Joye: Banks get $5b annual taxpayer subsidy

By Leith van Onselen

More good work from Chris Joye today, who has estimated that the Big Five banks receive more than $5 billion in subsidies from taxpayers every year. From The AFR:

So Standard & Poor’s has confirmed that Scott Morrison’s gutsy budget saved Australia’s coveted AAA rating…

A downgrade of the sovereign rating automatically triggers a one-notch reduction in the majors’ ratings to A+, which would have instantly increased their senior borrowing costs by about 0.10 per cent annually…

The 0.10 per cent interest saving Morrison secured for the oligopoly makes his new 0.06 per cent levy, which was the swing factor that salvaged the AAA rating, appear like an attractive trade…

What makes the hyperbolic opposition of both the banks’ (save ANZ and every smaller rival) and centre-right observers, including John Howard and Peter Costello, so absurd is that eliminating or pricing government subsidies to private businesses is a foundation principle of modern public policy and an even more important tenet for libertarians that want to minimise government interference.

According to RBA research in 2015, the “major banks have received an unexplained funding advantage over smaller Australian banks of around 20 to 40 basis points on average since 2000″…

The RBA’s 20 to 40 basis point estimate of the too-big-to-fail funding advantage implies that the majors capture an annual taxpayer subsidy worth more than $5 billion from their implicit government guarantee (using the wholesale liabilities identified in the budget).

This makes the majors by far the most publicly subsidised companies in the country…

Very well said. The bank levy is efficient because it will help internalise part of the cost of the Government’s support of the banks.

If anything, the levy should have been higher – say 0.18% – to fully cover the cost of support provided on behalf of taxpayers to the banks.

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Comments

  1. So why didn’t the government bring it in earlier, especially given the budget repair measures that were implemented (under Labor). Leads me to think that the recent bank levy is more personally motivated (with a bit of political scoring over a hated group in our society) rather than budget repair motivated. Begs the question, if Anna Bligh wasn’t appointed to her position, and ScoMo’s team member was, would this levy be in existence today?

    • Because this tax does not hurt poor voters. The $6 GP tax would have hurt the poor the most – which is why the LNP was so keen on it. They did not even start at $1 and ramp it up – they wanted to start it at $6!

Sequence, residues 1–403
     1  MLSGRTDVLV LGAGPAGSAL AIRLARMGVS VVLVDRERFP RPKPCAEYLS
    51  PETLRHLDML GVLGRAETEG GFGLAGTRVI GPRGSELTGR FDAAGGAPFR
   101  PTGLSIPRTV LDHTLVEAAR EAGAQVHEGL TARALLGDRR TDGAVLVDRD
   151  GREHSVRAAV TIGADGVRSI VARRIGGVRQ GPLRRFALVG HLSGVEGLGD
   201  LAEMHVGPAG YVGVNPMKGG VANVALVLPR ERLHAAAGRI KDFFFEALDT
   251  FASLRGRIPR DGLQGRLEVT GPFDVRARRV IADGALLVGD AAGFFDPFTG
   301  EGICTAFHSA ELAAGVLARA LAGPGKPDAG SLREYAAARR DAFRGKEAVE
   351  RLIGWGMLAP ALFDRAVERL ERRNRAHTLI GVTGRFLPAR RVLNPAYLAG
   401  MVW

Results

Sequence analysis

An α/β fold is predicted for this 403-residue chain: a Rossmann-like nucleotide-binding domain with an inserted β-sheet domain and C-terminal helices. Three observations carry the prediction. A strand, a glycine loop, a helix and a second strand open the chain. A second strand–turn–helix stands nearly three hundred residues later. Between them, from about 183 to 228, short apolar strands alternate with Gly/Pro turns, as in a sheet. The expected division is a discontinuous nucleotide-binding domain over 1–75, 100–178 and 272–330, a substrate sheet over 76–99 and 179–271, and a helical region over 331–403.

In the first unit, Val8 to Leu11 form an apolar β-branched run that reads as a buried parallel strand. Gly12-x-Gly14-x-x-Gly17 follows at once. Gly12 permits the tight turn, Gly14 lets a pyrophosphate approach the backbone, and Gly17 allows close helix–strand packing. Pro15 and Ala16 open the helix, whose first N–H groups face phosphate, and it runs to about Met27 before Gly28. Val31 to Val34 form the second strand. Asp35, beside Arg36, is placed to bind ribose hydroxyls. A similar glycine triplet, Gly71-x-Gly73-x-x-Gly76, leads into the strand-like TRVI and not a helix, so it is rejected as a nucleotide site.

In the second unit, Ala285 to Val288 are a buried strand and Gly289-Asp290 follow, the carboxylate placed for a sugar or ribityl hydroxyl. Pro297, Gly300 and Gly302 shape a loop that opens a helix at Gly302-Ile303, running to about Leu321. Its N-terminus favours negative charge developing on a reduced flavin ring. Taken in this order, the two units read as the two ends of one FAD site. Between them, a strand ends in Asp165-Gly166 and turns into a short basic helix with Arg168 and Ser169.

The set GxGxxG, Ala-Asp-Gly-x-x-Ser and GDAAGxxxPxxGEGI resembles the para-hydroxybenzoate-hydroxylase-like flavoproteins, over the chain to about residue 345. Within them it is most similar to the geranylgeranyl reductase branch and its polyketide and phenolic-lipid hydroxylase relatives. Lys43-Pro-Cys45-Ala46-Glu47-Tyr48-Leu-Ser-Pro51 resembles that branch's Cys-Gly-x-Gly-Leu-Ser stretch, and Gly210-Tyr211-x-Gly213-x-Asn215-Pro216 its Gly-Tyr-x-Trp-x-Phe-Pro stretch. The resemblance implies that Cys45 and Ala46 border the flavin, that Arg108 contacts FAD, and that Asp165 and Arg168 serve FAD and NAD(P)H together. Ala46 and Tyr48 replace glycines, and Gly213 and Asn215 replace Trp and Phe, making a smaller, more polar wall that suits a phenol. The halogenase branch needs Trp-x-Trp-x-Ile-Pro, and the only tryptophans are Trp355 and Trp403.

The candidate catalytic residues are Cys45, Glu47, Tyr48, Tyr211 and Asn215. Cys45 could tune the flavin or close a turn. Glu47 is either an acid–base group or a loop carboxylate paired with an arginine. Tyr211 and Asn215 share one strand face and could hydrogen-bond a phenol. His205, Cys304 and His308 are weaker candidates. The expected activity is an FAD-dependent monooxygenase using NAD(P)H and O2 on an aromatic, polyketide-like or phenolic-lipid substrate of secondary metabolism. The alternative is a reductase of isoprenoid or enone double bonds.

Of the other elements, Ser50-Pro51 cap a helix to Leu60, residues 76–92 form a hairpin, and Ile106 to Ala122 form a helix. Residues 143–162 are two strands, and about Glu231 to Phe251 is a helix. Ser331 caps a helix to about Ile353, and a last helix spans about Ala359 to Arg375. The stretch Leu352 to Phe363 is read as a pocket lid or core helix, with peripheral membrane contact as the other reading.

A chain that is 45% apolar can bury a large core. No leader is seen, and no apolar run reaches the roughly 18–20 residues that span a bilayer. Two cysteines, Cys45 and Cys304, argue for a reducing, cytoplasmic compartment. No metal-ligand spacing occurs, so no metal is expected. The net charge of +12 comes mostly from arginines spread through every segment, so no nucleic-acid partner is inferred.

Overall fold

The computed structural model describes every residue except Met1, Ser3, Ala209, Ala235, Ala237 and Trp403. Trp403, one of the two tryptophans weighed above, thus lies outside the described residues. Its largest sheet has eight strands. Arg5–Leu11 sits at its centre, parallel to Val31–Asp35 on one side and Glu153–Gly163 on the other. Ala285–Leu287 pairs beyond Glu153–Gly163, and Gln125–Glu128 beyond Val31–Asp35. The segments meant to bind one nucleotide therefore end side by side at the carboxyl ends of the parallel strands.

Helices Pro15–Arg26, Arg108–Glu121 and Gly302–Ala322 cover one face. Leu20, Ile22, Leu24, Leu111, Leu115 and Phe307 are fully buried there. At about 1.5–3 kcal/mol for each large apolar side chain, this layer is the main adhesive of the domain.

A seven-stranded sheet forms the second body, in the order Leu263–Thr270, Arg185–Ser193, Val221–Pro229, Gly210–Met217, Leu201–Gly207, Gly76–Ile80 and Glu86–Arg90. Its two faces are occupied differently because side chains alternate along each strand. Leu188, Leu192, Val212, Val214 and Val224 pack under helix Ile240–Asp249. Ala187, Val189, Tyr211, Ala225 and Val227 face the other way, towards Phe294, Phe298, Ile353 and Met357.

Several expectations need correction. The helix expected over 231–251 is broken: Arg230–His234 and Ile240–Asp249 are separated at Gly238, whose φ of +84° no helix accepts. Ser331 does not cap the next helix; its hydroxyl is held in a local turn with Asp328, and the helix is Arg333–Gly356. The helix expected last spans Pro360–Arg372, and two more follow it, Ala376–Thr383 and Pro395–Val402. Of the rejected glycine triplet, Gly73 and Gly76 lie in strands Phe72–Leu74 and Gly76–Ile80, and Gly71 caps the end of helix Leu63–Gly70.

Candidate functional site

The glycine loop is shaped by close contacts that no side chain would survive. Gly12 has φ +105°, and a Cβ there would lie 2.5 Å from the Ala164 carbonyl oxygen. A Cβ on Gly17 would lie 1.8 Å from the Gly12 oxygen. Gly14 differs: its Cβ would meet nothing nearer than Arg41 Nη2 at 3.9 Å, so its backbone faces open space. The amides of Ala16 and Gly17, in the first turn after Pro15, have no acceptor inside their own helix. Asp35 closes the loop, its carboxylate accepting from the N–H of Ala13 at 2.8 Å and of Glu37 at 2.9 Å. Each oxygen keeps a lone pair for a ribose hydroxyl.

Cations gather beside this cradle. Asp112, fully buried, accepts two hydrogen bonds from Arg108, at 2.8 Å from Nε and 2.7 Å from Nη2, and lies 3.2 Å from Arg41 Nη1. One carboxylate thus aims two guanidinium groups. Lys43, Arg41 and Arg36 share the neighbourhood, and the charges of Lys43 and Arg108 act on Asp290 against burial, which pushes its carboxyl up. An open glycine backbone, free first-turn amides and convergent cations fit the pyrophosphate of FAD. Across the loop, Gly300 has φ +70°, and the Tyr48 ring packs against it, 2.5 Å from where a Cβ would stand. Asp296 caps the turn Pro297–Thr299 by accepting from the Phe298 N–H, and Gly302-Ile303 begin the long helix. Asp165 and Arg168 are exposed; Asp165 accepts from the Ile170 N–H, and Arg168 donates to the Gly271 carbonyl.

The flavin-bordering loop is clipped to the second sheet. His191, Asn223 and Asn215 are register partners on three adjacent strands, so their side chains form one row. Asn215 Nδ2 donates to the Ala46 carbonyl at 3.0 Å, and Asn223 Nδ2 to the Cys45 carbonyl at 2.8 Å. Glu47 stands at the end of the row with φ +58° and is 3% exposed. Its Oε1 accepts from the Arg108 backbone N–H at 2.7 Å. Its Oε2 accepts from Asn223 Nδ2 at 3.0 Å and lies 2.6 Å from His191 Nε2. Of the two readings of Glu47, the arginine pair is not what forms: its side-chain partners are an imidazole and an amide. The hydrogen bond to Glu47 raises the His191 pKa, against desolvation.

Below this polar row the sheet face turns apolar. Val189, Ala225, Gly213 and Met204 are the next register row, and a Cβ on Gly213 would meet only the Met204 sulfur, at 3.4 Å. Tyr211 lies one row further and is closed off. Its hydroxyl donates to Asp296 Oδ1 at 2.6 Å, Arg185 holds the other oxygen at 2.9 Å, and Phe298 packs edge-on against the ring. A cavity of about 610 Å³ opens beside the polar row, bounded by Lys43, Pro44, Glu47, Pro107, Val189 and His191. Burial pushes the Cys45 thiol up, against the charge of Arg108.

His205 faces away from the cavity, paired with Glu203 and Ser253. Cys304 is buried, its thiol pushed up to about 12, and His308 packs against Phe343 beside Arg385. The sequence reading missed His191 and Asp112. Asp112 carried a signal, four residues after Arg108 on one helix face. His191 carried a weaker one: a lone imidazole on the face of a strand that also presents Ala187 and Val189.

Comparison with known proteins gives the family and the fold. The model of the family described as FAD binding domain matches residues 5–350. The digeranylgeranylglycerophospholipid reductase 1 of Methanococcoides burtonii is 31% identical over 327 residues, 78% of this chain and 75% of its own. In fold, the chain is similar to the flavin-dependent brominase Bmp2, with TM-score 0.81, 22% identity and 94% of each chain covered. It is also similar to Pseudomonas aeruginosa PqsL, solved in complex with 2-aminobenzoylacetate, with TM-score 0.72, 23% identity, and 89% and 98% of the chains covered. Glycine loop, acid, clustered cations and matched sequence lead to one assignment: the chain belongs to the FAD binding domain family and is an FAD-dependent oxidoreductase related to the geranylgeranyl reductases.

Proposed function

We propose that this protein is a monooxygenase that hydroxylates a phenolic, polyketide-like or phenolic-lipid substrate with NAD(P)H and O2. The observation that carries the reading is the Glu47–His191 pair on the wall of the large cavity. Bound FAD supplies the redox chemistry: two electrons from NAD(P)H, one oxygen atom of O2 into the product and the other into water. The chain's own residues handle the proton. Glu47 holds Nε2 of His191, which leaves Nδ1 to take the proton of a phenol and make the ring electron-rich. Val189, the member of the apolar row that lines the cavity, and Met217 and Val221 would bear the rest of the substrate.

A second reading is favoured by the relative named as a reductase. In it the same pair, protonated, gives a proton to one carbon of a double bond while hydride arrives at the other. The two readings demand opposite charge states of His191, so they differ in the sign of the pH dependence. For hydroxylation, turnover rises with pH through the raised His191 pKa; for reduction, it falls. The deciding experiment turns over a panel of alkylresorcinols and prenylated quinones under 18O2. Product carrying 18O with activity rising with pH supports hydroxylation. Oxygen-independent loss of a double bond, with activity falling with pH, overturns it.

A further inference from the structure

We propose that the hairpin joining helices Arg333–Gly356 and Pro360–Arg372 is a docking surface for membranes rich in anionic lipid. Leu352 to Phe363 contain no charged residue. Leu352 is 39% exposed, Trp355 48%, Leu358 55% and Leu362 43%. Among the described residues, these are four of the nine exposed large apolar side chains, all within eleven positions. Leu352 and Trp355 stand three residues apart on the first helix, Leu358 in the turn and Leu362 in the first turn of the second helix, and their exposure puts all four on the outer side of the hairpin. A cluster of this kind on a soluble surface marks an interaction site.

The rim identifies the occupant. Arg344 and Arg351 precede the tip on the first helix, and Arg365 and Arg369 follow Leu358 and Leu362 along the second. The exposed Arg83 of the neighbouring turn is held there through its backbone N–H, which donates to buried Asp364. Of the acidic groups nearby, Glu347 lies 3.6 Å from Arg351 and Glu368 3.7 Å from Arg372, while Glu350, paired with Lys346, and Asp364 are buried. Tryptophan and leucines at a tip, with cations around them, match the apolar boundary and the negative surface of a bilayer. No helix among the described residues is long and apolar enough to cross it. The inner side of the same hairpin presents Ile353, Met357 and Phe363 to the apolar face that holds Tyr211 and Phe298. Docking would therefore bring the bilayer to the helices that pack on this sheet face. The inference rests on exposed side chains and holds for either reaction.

Some ideas are only recently thought of – like charging the kids of some 457 visa staff for studying in government schools. Gee, why did they not think of that in 2014?

      The states are still to stupid to charge all kids of all 457 visa staff.

  2. HadronCollision

    Could this 0.06 be initial positioning for a higher rate?

    Lots of commentary saying how cheap it is…

    • I believe the Poms did a similar thing a few years ago, and there’s been something like 9 subsequent increases in the rate since it was introduced.

      Once you open the tap on an easy stream of gold it’s easier to keep opening it than it is to turn it off. Wouldn’t be surprised to this at 1.5% in 2 years time.

    • You could apply it to lots of things. Raise the luxury car tax to 50%. Have a 900% tax on luxury showers and toilets. Put a $6 surcharge on each tungsten light bulb. Easy revenue.

  3. Banks are able to establish a mountain of loans because interest rates are maintained at negative RAT levels. These interest rates result in a $50 to $60B CAD I wonder what is the TOTAL subsidy the people of this country give to the Banks. I think Cameron Murray’s number of $20B is much closer to the mark and I would consider still much understated.

    • Even StevenMEMBER

      Unlikely Flawse. Total bank profits are around $35bn, I believe. You’re saying $20bn comes from the taxpayer? Not sure it passes the smell test.

      • I think you need to read what I have said.
        I KNOW their collective profit is $30B!
        Thinks about stories of my parents mother and embryo juices of birds.

      • Even StevenMEMBER

        I’m not telling your grandmother to suck eggs, Flawse. The claim of subsidies to the tune of $20bn smacks of ‘if banks weren’t banks, and we completely redesigned the banking and monetary system as we know it’ then maybe the $20bn might have some relevance.

        But I’m a practical person, and back down on Earth, the direct subsidies wouldn’t amount to anything like that.

  4. I have a better option. Scrap the taxpayer funded guarantee and then scrap the levy! Problem solved !

  5. Tassie TomMEMBER

    “This makes the majors by far the most publicly subsidised companies in the country…”

    I don’t know – the superannuation funds management industry is very heavily publicly subsidised too…

    … Hang on – that’s mostly owned by the banks too.

  6. Anyone else who has had the displeasure of working for any of thw Big 4 knows this will go straight into the pockets of what are amongst the most useless layers of managers in the world.